U.S. immigration officials released more than 600 undocumented immigrants with criminal convictions while the government was bracing for across-the-board spending cuts in 2013, according to a report from the Department of Homeland Security inspector general.
The watchdog determined that U.S. Immigration and Customs Enforcement’s chief financial office decided to release thousands of detained immigrants in February 2013, hoping to cover part of an expected shortfall with a “sharp and immediate reduction in detention bed space.”
The inspector general said ICE knowingly released immigrants with criminal convictions, but continued to detain those it considered to be dangerous to the community. Federal law requires the agency to detain undocumented immigrants with criminal convictions.
ICE leadership did not inform the Department of Homeland Security or the White House about its expected budget issues and did not notify the secretary of Homeland Security about plans for releasing immigrants as a remedy, according to the report, which was published last week.
Republican Sens. John McCain (Ariz.) and Tom Coburn (Okla.) on Tuesday blasted the agency for its actions, echoing recent GOP skepticism over President Obama’s willingness to enforce the nation’s immigration laws.
“This report confirms the Obama administration’s lack of coherent leadership on immigration policy,” McCain said. “The safety of our border communities shouldn’t be put at risk because ICE officials decide to release detainees — many with criminal records — in order to solve their budget problems without waiting to see if they could obtain more funding.”
Coburn said the report provides “more evidence that our nation’s immigration laws are being flagrantly disregarded.”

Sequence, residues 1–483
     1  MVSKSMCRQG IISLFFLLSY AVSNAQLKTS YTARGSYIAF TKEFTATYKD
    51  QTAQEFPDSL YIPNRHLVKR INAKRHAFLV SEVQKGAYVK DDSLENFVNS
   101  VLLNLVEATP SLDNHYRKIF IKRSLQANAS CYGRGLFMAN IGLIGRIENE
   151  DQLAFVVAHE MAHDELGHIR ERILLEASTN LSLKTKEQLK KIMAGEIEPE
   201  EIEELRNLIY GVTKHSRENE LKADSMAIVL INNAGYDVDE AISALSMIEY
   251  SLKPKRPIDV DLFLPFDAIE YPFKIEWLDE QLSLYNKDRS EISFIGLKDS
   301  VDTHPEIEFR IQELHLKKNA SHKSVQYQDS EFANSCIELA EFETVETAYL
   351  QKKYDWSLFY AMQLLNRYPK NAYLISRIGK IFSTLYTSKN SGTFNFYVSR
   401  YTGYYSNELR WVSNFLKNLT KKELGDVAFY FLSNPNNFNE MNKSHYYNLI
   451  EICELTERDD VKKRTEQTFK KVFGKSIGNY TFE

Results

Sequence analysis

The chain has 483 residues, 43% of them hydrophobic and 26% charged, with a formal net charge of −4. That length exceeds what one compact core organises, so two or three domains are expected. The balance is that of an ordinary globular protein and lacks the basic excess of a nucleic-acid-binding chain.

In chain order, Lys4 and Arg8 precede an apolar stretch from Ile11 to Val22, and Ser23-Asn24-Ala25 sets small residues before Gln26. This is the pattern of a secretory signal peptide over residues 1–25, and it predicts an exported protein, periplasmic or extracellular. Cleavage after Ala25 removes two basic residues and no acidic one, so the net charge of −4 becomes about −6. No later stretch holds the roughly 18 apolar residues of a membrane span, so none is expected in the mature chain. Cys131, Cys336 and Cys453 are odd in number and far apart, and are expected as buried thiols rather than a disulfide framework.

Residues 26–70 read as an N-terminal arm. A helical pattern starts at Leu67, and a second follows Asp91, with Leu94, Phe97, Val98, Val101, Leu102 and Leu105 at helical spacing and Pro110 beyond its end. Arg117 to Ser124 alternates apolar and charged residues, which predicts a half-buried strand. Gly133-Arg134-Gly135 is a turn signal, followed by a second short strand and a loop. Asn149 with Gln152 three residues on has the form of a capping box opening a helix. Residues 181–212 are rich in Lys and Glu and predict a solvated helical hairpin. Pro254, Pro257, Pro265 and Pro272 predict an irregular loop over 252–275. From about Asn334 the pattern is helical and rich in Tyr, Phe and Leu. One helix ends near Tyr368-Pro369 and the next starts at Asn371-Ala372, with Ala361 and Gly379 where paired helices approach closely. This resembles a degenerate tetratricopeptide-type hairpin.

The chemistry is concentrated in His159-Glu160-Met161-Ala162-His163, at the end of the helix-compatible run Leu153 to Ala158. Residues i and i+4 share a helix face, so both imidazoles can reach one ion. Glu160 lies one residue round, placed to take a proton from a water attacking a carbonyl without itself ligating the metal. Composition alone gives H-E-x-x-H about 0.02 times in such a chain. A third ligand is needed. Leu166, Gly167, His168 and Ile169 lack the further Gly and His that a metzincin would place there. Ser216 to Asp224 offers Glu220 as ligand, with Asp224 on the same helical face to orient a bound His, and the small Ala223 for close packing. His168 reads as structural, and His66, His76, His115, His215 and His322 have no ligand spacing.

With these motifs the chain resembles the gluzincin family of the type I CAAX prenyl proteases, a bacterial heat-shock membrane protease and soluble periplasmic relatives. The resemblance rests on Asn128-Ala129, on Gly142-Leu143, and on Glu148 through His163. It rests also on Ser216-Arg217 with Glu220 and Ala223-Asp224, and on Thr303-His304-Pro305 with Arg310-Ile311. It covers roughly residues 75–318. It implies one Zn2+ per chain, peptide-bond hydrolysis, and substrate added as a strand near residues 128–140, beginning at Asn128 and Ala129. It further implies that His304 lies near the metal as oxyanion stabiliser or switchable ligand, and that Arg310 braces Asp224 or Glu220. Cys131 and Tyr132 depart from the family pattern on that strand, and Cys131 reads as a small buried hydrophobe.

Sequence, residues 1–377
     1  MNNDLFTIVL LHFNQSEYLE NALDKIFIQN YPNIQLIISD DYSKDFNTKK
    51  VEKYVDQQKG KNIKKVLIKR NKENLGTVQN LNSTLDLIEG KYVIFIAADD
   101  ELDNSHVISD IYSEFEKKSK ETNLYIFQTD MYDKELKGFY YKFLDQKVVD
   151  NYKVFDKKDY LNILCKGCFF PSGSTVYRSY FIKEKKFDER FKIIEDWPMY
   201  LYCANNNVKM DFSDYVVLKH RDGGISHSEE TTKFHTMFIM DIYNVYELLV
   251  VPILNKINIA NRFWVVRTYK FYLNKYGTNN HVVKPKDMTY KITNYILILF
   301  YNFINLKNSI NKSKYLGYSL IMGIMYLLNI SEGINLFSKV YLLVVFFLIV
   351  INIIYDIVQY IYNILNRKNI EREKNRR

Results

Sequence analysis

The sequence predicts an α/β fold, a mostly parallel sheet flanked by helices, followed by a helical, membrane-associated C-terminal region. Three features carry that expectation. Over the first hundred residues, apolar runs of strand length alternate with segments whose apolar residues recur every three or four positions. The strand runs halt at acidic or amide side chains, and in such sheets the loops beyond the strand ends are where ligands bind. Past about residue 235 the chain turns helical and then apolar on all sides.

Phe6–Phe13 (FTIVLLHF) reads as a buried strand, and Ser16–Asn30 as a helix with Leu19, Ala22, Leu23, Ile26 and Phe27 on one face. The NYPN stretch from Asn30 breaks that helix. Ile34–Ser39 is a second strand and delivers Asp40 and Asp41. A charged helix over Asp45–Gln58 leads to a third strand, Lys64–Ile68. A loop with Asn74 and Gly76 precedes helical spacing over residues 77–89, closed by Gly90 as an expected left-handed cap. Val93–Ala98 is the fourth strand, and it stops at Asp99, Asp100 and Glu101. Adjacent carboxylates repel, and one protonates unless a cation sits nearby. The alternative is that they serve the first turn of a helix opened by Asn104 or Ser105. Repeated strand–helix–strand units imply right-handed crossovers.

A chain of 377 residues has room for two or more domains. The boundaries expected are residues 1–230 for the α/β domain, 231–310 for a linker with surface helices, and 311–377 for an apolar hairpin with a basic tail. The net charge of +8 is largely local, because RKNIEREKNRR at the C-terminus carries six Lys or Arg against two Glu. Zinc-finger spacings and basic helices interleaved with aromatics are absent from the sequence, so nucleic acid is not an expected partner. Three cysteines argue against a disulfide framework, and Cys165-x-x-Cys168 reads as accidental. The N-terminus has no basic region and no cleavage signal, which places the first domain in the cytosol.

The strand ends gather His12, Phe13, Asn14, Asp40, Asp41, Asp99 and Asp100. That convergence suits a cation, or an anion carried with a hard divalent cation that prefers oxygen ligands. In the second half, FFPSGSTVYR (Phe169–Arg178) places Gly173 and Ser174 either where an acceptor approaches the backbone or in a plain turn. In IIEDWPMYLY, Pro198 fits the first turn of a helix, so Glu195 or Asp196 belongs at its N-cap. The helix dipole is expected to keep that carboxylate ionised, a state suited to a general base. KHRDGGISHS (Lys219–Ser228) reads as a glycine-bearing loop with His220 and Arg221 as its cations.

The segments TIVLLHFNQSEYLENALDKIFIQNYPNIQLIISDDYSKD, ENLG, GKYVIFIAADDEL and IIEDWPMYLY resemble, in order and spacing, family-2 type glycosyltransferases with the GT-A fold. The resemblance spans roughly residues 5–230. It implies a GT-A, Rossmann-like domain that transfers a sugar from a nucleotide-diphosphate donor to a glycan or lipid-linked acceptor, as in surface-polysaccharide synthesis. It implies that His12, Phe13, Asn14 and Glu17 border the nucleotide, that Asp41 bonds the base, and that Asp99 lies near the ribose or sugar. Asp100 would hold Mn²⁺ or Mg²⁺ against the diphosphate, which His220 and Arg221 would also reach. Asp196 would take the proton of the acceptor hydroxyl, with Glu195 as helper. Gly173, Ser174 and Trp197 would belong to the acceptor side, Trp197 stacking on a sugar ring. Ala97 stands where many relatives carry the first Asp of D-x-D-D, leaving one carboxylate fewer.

Senate Homeland Security and Government Affairs Committee Chairman Tom Carper (D-Del.) noted that ICE’s funding was stretched thin during the sequester period, but he said the agency needs to be prepared for carrying out its responsibilities “despite unpredictable budget restraints.”
“Unfortunately, Congress’ inability to come to an agreement on a long-term budget or even short-term emergency funding makes this mission increasingly difficult and jeopardizes the critical operations of nearly every agency, including ICE,” he said.
The White House did not respond to a request for comment on Tuesday.
The controversial decision to release detainees came as federal agencies worked out strategies for managing deep budget cuts known as the sequester, which took effect in March 2013.
ICE is required by statute to hold 34,000 detainees, but congressional funding only covered about 31,300 of the required beds, according to the report. As sequestration approached, the agency was dealing with a recent 66 percent increase in the number of apprehensions at the Southwest border.
ICE realized in January 2013 that it would likely face a budget shortfall, but officials assumed that the agency could manage the situation by reducing the number of detained immigrants, according to the report. The inspector general said ICE officers “reviewed their own detained alien dockets to determine the best candidates for release.”
ICE has still not come up with a plan for effectively managing its detention budget, according to the report. The inspector general recommended that the agency “develop a transparent budget process, delegate detention management functions to field offices and engage Congress to fund detention bed space full with multiple year or no year appropriations.”
ICE agreed with the recommendations and said it took steps to improve the accuracy of its financial data for detention spaces, such as by implementing measures to identify how much money is available for each facility. The agency also said it will develop a plan to improve transparency with tracking and reporting ICE spending, in addition to providing more detailed reports to the White House and Congress.